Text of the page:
Coincidental dates…Last night’s weird event on the veranda…Small things…

Last night’s video illustrates how bats are consuming all the
sugar water in the hummingbird feeder at night.

“Sightings on the Veranda in Costa Rica”

This style of feeder attracts more hummingbirds than the new style we purchased.
This morning Tom mentioned coincidental facts about our upcoming travels that made me laugh.  Here they are about today’s date of October 23, 2017:
  • One month from today, on Thanksgiving Day, November 23, 2017, we’ll board Celebrity Infinity in Fort Lauderdale, Florida, for a 30-night cruise.
  • Two months from today, on December 23, 2017, on Tom’s 65th birthday, we disembark the ship in Buenos Aires Argentina.
  • Three months from today, on January 23, 2018, we fly from Buenos Aires to Ushuaia, Argentina, to board Ponant Le Soleil for the expedition cruise to Antarctica for 17 days.

This is odd, isn’t it? We certainly didn’t plan for these dates to coincide on the 23rd of any given month. It’s purely a coincidence.

Now, on to our “small things story” occurring last night on the veranda but having begun several weeks ago.

When we rented this lovely property beginning on August 1, 2017, we noticed a hummingbird feeder hanging from a hook on the veranda after settling in for a few days. Of course, with no syrup contained therein, no hummingbirds stop by for a sip.

After a week or so of noticing this, we decided to give it a try. In our old lives, we had the typical red hummingbird feeder filling it from time to time with homemade syrup (1 cup white sugar to 4 cups plain water, cooked or well mixed to dissolve the sugar) during the short summer months in Minnesota.

As the sun went down, the hummingbirds continued to feed on the sugary syrup.  After dark, it was an entirely different story.

We rarely saw any hummingbirds sipping the sugary syrup and didn’t give the feeder much of a thought. Living on a lake in Minnesota, we busied ourselves observing many other types of wildlife:  bald eagles, wild turkeys, beavers, geese, loons, coyotes, owls, foxes, and many other types of birds and wildlife. 

At the time, we weren’t interested in taking the time for photos.  Our lives were full, leaving us constantly busy keeping up with daily life; work, home upkeep, family, and friends. We didn’t have time to wait for wildlife to appear magically. When there was a sighting, it was merely the result of being in the right place at the right time.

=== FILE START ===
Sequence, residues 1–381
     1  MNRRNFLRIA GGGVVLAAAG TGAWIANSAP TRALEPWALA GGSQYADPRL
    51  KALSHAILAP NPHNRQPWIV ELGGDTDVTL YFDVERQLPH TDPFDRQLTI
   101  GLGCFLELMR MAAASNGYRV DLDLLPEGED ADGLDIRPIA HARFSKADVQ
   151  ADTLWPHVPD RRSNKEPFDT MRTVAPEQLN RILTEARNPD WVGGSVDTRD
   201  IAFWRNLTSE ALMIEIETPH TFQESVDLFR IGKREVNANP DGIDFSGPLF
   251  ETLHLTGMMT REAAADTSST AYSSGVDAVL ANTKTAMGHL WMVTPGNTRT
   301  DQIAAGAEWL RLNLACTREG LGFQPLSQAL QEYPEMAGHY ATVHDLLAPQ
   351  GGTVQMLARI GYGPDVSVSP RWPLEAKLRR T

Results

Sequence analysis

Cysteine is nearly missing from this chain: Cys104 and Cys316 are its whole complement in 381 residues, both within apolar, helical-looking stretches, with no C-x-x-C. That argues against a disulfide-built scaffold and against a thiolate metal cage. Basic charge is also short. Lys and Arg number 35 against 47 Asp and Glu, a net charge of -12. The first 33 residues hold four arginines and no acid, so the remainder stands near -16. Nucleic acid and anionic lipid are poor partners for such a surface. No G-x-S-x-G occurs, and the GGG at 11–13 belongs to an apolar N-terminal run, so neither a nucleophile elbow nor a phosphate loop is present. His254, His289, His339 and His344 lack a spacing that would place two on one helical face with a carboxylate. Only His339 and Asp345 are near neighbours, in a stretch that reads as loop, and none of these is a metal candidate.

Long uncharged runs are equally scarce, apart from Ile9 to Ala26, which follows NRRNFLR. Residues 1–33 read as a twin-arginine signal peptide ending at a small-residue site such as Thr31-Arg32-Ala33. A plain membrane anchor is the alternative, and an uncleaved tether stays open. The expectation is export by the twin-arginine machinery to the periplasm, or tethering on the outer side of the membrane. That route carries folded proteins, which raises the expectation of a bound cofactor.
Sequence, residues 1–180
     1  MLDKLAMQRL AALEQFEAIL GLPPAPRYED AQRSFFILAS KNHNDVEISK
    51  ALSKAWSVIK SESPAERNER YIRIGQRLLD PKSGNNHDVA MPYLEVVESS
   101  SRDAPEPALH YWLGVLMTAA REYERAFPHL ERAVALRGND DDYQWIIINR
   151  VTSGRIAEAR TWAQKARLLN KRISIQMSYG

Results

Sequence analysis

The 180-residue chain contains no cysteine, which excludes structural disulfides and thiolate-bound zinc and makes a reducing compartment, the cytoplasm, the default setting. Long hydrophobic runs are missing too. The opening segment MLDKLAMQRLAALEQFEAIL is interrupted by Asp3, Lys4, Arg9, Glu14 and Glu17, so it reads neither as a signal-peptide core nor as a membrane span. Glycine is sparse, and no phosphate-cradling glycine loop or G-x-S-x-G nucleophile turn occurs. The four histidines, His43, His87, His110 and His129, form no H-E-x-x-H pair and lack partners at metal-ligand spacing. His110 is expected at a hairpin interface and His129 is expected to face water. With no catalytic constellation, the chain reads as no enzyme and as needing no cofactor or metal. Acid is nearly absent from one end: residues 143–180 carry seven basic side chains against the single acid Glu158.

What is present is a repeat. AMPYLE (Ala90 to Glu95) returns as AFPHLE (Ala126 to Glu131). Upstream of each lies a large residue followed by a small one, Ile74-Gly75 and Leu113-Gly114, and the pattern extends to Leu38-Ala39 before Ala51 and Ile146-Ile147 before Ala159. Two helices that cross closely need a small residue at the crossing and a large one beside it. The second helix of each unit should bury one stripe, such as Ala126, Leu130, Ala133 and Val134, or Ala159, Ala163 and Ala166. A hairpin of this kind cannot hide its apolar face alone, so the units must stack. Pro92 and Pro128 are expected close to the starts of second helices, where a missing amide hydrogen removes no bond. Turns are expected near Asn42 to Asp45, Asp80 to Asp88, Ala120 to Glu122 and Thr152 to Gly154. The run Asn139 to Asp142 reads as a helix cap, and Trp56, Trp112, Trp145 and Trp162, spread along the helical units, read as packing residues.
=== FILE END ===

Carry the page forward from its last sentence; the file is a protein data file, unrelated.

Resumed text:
We were thrilled to see or hear any wildlife, including the neighborhood’s albino squirrel, the raccoon climbing the tree, the wood duck tossing her chicks to the ground from the wood duck house high in a tree, and the loon’s heartwarming fluttery call.

As we’ve traveled the world with plenty of time on our hands, we can easily spend hours searching and reveling in the treasures Mother Nature has to offer wherever we may go.  Here in Costa Rica, as we’ve mentioned in previous posts, we’ve been enthralled with various birds. This vegetation-rich country has to offer, which is without a doubt a haven for our aviary friends. 

Certainly no birding experts by any means, we’re easily able to find great pleasure in spotting and hopefully identifying birds as we see them taking photos when we can.  

Sadly, many we’ve actually seen have moved so quickly we haven’t been able to take that treasured photo. We’d have to have the camera close at hand every moment of every day and, although generally, it’s at our side, it takes a moment to turn it on and focus on a photo when the sighting is long gone. It’s the way it is.

It took several hours for the hummingbirds to flock to this new style of feeder.

Back to the hummingbird feeder… Once we made the first batch of syrup, we were hooked.  All-day, as we sat outside on the veranda, the hummingbirds came poking their sharp little beaks into the four tiny holes from which they could extract a sip. Some were so ambitious they make partake as many as a dozen times during one visit.